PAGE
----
Marital quality is linked to health benefits for men and women. Although women have less risk factors than men for cardiovascular disease prior to menopause, their risk increases substantially after menopause. The purpose of this study was to assess the impact of marital quality and vasomotor symptoms on cardiovascular risk factors including C-reactive protein (CRP) and carotid intima-media thickness (cIMT) in women before, during, and after the menopausal transition. The final sample consisted of 92 married women between the ages of 40 and 60 years. Hypotheses were tested using hierarchical regression and general linear modeling. Results suggest that greater marital quality reduces the negative effect of a lower level of vasomotor symptoms on cIMT but not CRP. Contrary to hypotheses, marital quality did not predict CRP or cIMT and vasomotor symptoms were not correlated with CRP or cIMT. While analyses did not support an interaction between menopausal status and lower marital quality on vasomotor symptoms or CRP, there was limited support for an interaction between menopausal status and lower marital quality on cIMT (p = .057) suggesting that for postmenopausal women higher marital quality is related to lower levels of cIMT. Overall, findings suggest that it is important to consider the impact of psychosocial aspects of a middle aged woman's life (i.e., marital quality) in conjunction with biological stressors when assessing cardiovascular risks in women during the menopausal transition.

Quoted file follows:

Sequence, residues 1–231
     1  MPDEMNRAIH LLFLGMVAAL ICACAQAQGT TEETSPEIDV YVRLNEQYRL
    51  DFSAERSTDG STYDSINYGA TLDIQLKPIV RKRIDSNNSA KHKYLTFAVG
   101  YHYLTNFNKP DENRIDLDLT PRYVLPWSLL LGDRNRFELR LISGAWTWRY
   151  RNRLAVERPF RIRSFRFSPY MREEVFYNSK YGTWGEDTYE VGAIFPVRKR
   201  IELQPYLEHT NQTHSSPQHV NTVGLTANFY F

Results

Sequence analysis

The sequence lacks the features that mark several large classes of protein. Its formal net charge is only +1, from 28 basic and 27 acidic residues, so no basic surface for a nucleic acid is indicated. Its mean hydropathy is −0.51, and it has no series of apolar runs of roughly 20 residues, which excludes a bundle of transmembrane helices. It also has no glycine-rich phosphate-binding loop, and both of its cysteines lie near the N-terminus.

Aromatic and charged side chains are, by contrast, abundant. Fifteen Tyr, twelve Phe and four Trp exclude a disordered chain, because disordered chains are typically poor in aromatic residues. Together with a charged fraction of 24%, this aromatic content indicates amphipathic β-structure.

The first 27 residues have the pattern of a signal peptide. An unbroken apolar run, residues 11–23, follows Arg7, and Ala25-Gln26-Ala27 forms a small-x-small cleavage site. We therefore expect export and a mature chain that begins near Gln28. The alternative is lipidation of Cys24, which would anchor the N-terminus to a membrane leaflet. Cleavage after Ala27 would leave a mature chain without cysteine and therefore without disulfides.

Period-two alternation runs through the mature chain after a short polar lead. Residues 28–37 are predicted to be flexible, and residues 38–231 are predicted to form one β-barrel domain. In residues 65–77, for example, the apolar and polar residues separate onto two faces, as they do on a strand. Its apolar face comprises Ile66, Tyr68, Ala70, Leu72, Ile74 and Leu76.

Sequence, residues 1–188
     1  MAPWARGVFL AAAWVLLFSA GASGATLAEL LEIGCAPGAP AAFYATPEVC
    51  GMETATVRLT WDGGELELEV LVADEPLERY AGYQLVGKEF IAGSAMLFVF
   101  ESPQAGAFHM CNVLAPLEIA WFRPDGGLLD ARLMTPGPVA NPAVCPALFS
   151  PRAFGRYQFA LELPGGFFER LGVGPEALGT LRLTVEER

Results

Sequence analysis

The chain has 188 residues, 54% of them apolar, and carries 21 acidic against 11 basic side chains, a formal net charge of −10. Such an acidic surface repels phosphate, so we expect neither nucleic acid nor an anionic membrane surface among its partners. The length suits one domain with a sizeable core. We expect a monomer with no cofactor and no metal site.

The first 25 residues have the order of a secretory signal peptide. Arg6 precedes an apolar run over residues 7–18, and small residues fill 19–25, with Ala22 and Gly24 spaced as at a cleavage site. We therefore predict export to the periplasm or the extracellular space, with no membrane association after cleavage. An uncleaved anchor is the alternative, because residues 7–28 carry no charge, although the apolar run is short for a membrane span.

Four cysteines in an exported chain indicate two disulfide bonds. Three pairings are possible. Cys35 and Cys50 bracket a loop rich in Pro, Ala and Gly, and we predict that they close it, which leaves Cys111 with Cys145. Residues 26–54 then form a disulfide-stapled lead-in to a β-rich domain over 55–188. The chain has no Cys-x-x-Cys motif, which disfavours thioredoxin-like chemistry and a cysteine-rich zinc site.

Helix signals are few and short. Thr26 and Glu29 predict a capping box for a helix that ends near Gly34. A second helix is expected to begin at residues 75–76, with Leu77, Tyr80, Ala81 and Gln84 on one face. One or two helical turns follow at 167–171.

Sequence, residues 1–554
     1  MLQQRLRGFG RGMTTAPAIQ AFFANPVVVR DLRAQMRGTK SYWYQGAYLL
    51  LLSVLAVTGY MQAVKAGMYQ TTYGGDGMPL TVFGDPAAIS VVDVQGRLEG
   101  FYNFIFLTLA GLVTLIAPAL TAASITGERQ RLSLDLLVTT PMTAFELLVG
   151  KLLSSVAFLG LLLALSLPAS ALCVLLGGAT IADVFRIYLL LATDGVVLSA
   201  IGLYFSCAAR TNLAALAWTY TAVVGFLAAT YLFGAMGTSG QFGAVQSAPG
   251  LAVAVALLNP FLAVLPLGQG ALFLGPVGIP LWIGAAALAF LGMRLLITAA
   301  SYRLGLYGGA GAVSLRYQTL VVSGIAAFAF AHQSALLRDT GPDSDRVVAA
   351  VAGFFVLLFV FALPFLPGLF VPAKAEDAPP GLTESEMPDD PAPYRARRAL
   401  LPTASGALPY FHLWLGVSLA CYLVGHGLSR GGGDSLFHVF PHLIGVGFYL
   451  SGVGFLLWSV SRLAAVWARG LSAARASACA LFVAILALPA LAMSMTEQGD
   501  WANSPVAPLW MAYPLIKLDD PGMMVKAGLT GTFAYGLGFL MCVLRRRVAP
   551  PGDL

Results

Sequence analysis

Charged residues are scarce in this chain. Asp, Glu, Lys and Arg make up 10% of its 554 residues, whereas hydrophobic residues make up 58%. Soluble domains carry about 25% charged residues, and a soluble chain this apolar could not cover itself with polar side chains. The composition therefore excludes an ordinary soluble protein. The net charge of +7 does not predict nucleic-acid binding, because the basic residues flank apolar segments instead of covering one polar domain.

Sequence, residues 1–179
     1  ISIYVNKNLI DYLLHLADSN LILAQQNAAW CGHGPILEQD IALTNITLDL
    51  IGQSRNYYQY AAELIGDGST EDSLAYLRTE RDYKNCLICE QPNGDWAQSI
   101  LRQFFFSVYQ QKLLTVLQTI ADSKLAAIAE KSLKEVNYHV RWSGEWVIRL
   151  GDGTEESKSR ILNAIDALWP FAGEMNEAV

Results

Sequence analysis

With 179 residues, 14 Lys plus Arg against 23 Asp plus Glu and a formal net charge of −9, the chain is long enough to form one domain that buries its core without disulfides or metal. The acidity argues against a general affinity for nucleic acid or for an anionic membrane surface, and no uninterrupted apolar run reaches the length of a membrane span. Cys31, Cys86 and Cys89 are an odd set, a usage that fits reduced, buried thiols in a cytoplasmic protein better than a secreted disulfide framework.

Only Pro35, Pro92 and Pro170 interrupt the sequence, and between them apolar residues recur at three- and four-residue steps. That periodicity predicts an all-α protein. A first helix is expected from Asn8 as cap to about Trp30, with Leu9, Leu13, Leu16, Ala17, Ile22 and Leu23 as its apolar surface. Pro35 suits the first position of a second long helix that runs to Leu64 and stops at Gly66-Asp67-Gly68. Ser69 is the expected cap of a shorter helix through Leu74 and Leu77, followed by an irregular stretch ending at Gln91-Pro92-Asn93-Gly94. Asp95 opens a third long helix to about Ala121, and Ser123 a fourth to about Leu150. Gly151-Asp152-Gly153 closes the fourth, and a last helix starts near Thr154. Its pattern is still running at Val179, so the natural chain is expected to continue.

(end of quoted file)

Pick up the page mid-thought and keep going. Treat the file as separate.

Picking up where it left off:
College and Department
Family, Home, and Social Sciences; Psychology
BYU ScholarsArchive Citation
Brown, Tracy E., "Marital Quality and Cardiovascular Risk in Women During the Menopausal Transition" (2017). Theses and Dissertations. 6471.
marital quality, menopause, vasomotor, cardiovascular disease, C-reactive protein, carotid intima-media thickness